Over at the cassandra pages, my qarrtsiluni co-editor Beth Adams has been filing reports from D.C. for the past several days: Sunday, Monday, Monday night, and Tuesday. The scene in the capital today certainly sounded like a festival of the dispossessed.

The TV coverage, apparently, didn’t show what really happened: when Bush was introduced, a “boo” arose from all those millions of people that must have been completely audible; it was extremely loud. And when his helicopter lifted off, a cheer arose along with millions of uplifted arms, waving goodbye (quite a few, I’d say, with middle finger raised) — all the length of the Mall. I was a little surprised, and didn’t participate in the booing, but it was not so much rudeness as it was a spontaneous shucking off of a tremendous burden and source of despair, and an acknowledgment that this man never represented us, he was not of us, and Obama is clearly someone entirely other. The day for me was all about being part of that tremendous crowd who felt that America was being taken back, repossessed, by the people who have felt so disenfranchised all this time. Their presence, and the fact that they had traveled so far to be there, was not just a personal desire but also a statement to the world that there actually is another American spirit, and it’s still alive.

UPDATE: Be sure not to miss her final Reflections on the Inauguration.

Don’t miss “Men Without Weakness.” Dale’s take on imperialism is very much like my own, and I link it here to provide perspective on my ongoing series, Postcards from a Conquistador. Stonewall Jackson and William Tecumseh Sherman were cut from the same cloth as Hernán Cortés, I think.

The cold blue eyes look down history, finding us with contempt. He gave up drinking whiskey when he found that he liked the taste of it; he gave up reading the newspapers when they started to praise him. He did take pride in winning battles, but he knew it was a sin: the victories belonged to God, not to him. In winning a battle he found spiritual ecstasy: it was, maybe, the only token of God’s love he would ever believe.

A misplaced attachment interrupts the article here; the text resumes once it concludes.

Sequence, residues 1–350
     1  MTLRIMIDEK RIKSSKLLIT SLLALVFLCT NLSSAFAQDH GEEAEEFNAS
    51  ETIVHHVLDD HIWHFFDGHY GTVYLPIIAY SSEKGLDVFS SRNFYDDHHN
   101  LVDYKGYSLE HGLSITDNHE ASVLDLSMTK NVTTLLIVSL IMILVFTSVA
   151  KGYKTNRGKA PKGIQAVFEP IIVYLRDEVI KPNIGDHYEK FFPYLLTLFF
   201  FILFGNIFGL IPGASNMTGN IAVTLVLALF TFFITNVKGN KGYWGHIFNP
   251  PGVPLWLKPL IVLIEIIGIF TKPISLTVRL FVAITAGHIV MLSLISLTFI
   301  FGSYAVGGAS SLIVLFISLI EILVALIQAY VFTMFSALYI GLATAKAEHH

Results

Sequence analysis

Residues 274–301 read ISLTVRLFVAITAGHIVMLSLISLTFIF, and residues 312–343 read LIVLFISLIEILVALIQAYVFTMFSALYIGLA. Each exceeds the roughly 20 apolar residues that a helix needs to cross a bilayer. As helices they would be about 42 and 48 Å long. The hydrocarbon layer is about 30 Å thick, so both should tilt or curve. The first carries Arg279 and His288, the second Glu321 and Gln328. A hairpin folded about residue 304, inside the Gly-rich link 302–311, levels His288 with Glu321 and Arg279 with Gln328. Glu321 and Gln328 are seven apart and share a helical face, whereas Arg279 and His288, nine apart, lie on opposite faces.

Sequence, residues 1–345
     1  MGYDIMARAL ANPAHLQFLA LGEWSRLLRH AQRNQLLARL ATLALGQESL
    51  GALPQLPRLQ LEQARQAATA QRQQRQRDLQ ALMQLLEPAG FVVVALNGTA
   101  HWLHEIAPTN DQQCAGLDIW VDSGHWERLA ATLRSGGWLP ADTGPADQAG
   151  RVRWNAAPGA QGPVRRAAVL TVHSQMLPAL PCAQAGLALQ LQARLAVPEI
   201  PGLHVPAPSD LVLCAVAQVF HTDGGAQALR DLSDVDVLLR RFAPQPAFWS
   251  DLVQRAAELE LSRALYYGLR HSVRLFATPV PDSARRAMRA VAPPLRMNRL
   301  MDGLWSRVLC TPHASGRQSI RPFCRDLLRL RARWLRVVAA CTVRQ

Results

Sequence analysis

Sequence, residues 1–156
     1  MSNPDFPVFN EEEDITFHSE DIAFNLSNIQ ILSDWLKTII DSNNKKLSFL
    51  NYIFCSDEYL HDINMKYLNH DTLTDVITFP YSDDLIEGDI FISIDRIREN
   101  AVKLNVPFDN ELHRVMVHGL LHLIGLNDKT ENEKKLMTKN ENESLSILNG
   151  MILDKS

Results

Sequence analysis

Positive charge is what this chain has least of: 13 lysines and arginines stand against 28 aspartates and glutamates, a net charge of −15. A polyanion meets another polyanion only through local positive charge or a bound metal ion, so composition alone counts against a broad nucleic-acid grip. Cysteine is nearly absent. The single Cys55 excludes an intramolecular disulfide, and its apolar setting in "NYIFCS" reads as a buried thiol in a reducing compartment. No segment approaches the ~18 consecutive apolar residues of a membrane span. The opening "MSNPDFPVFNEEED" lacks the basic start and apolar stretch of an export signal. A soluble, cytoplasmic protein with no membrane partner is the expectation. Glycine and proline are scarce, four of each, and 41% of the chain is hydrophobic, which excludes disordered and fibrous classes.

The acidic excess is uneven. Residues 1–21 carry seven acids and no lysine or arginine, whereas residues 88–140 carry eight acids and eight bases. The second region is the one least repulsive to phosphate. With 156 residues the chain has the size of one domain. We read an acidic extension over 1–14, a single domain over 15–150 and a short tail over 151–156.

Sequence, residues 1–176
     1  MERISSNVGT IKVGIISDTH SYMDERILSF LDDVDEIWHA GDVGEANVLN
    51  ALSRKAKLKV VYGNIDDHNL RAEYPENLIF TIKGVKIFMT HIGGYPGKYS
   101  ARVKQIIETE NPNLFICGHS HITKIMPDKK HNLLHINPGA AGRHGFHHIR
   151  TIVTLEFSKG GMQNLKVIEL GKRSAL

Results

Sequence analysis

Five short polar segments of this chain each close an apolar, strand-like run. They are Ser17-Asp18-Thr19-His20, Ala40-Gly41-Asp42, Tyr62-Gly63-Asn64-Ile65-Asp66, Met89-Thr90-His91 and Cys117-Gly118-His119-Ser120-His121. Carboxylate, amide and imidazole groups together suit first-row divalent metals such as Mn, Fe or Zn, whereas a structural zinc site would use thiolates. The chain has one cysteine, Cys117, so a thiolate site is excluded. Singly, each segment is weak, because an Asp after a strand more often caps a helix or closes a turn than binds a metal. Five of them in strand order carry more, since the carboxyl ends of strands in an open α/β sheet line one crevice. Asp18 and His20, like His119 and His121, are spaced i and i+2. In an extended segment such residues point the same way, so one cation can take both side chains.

Though I suppose Dale’s perspective, like my own, must’ve been shaped by leftist critiques of imperialism, this post could just as easily have been penned by a disciple of Ron Paul, and I like the fact that he tries to get inside the heads and hearts of men who are all too easily dismissed as monsters, or adulated by latter-day partisans. By the end of it — it’s not long — you’ll also understand why Dale named his blog mole, after the homebody protagonist of The Wind in the Willows. Go read.

stepping out

Winter has come early, it seems. The ground has frozen solid in the unusually cold weather, and instead of November rains we’re getting snow — or, this afternoon, sleet. Long blue shadows remind us that the sun is as low now as it will be in late January.


But it takes some intermittent thawing — or an admixture of ice — to seal the snow cover to the ground. The first snows still lie lightly on the grass and leaves, and can walk away in the tread of a boot, exposing the year’s unfinished business. I get impatient for the pristine midwinter desert. It’s like starting to explore some wild-looking rock outcroppings in a city park, and finding them in use as shelters for a homeless encampment.

Maybe things are better that way, though, all mixed up and impure. Last week I heard the flute-like calls of tundra swans over the roar of the well driller, and it brought me back to the present, standing on the powerline right-of-way on a cold and overcast morning, feeling suddenly that all the broken pieces fit together just the way they were. Everything belongs! It’s a useful illusion to nurture this time of year when our physical separation from the land is brought into such sharp relief, and the cold — not to mention the currently dire economic news — makes us crave comfort foods and fellowship and sentimentalized family holidays.

No Hunting

What if, instead, we were to take the inhuman harshness as a teacher? What if we were to say no to extra comforts and conveniences, no to the random urge, no to commodification? The mere thought is enough to make me shiver. Somewhere one still needs to hear that primal Yes.